Going Back

Daniel’s brother, Ed, because I do not have a picture of Daniel

Never should one ask, if not prepared for truth, to go back. Bliss simply does not tolerate the answer or the journey. Convenient memory is a sweeter comfort than truth. But urged to do so either by some latent curiosity or just by friendly encouragement, I picked up the phone to inquire about Daniel. His life, long lost to me except in deep, submerged impressions and memories now risen, the time had come for me to know what happened to my friend. Is he still living? What happened to him during our long separation? Will anyone remember him as I did?  

My initial inquiry told me I would have to dig deeper into the archives. It told me the end of this story would take time and careful questioning if Daniel’s life measured or deserved equal weight with the purity of feeling within my heart.  

I have often thought of Daniel and me as kindred souls, two lives passing through circumstance, friends before any preconception interfered with perception. Nothing in life has happened since to dissuade me from the bond we formed. No matter what my inquiry finds, my hope is nothing will. But then, there is always an unknown and even when I say life separated us, I admit I am simply not a particularly good friend. 

I do not know what I will find. Some initial sketches suggest a hard outcome, a side of Daniel I witnessed one day when his anger erupted. But don’t the quiet ones often explode under pressure? Daniel’s gentle nature permeates my memory.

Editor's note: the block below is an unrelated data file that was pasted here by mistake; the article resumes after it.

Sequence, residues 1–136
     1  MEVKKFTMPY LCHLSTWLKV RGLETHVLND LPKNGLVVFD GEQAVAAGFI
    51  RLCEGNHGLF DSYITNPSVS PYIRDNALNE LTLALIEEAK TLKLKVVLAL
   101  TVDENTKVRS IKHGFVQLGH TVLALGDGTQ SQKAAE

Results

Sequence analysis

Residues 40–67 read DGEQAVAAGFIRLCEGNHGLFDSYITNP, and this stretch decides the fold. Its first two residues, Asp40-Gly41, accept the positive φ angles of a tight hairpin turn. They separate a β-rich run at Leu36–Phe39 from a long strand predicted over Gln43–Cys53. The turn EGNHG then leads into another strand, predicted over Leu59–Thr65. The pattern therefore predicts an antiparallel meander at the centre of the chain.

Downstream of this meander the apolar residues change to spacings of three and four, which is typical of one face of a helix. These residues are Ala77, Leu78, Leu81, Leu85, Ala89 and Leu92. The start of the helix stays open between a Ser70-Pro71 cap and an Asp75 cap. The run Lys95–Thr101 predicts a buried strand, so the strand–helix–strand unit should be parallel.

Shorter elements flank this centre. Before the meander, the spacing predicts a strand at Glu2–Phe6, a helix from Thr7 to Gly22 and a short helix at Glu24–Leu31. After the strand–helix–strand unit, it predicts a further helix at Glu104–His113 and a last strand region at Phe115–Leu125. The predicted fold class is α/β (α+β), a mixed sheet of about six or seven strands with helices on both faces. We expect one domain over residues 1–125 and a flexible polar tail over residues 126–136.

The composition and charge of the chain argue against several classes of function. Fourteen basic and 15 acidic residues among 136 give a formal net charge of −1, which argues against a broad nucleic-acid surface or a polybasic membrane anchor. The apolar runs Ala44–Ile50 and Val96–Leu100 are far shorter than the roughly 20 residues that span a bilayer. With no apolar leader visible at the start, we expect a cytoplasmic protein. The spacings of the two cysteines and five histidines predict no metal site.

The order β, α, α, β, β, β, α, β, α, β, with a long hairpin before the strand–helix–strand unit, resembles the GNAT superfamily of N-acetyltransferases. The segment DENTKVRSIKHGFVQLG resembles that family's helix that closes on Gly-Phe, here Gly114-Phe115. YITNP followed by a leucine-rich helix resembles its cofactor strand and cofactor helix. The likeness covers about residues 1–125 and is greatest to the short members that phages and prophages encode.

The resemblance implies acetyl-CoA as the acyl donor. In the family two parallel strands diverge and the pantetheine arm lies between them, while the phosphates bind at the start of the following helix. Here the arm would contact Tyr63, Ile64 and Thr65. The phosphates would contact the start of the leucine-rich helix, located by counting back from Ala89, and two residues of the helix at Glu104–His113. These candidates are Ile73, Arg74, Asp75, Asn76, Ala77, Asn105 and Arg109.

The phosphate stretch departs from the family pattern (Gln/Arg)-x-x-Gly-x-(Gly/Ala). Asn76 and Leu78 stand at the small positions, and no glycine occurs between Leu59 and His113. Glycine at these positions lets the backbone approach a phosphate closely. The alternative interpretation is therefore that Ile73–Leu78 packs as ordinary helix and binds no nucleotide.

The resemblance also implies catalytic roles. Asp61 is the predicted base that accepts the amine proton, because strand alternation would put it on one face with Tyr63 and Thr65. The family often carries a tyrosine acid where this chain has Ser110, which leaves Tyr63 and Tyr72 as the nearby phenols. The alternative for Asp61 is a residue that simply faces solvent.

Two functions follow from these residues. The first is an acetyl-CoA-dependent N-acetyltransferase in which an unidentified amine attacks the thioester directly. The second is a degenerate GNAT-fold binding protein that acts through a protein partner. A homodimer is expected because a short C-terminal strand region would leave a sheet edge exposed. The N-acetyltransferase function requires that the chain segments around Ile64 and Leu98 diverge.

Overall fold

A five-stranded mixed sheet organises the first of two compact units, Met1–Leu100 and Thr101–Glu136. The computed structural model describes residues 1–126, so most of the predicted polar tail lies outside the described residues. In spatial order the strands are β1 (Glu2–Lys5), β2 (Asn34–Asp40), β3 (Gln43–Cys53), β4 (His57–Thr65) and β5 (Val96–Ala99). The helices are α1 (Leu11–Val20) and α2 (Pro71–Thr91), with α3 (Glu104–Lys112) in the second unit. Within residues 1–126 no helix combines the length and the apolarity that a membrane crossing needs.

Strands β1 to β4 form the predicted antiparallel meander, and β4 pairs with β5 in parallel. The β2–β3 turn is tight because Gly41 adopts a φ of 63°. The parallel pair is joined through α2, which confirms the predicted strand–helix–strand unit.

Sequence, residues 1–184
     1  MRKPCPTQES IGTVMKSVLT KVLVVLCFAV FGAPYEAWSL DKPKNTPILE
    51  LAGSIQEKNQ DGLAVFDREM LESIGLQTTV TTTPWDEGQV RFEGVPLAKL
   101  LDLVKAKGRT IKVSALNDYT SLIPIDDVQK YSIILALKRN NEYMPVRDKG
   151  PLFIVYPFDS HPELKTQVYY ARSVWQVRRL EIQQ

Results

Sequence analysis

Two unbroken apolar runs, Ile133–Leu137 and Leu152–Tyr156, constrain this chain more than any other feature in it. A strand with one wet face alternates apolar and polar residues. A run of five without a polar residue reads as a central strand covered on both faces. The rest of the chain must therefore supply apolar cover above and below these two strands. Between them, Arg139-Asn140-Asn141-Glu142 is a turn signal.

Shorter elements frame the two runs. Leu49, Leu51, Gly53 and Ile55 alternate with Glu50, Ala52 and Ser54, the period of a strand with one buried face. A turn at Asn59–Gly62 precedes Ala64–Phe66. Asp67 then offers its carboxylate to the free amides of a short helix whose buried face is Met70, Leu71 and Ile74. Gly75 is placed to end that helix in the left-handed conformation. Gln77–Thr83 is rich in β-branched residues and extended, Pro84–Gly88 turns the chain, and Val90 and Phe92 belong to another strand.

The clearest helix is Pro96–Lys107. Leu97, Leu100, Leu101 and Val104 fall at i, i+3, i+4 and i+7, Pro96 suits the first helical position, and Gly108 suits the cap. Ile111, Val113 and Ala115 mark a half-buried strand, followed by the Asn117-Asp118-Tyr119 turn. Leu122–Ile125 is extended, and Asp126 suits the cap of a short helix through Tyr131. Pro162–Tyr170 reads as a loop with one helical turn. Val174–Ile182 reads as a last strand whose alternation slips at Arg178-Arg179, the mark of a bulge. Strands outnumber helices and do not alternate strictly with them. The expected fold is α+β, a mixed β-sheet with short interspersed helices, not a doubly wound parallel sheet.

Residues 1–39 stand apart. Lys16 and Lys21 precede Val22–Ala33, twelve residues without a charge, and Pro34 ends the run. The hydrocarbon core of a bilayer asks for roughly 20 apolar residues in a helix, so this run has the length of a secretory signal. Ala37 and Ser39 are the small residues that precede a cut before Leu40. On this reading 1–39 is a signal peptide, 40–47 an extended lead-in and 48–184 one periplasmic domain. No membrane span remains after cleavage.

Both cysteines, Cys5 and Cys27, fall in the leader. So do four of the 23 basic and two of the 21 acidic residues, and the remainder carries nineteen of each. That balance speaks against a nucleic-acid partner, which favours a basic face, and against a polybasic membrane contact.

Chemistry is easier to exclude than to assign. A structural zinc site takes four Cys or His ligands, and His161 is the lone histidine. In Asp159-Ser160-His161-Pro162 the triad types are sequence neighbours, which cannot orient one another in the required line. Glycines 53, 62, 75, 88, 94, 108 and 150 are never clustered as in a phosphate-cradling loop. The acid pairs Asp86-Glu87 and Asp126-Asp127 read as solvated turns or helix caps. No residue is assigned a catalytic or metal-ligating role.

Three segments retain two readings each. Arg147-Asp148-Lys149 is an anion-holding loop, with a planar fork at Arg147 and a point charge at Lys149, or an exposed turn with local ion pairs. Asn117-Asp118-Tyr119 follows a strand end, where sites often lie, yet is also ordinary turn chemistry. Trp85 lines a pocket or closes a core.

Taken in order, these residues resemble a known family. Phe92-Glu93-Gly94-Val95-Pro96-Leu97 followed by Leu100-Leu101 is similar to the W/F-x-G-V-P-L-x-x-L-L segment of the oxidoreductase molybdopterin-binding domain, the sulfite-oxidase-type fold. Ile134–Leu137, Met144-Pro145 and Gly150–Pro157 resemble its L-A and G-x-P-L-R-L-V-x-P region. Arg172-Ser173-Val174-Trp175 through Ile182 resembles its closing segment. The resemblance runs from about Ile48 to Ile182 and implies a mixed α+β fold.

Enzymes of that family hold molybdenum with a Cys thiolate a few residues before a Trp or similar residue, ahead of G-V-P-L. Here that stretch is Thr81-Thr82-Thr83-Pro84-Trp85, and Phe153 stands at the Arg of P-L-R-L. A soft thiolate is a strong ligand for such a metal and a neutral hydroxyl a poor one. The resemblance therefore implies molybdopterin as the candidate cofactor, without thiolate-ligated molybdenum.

Going back risks pain. But pain is the great truth-teller, the means by which we discover our true self, bare before God, admitting that self to God, recognizing Him and asking forgiveness.  

No one seeks irrelevance. History is motivated by our reaction, unwitting and intentional, to any attempt to render us so. Going back to my early time with Daniel risks discovering how he reacted, and worse, the truth Daniel’s life may not measure well against my good feeling.  

Isn’t irrelevance as simple as asking, “How are you?” and not meaning it? Doesn’t irrelevance inform us all is not well? And though Daniel lived under no delusion—I did. Going back, for me at least, is an attempt to affirm his life. Maybe my good feeling and realization is affirmation enough. 

I cannot be disingenuous. Though I know Daniel has departed this life and, minus any detail I shall discover, I know his life was harsh by his own hand and by the hands of others. In truth, embedded in my good feeling and memory and during my time with him, I knew within my recesses, his life would not live well. 

But I am going back. I want to know, not what I already know, but what remains for truth and Daniel to teach me, to lay bare before God any self-deception left. 

I’ll let you know. 

“Those who have ears to hear, let them hear” (Mathew 11:15, NKJV).  

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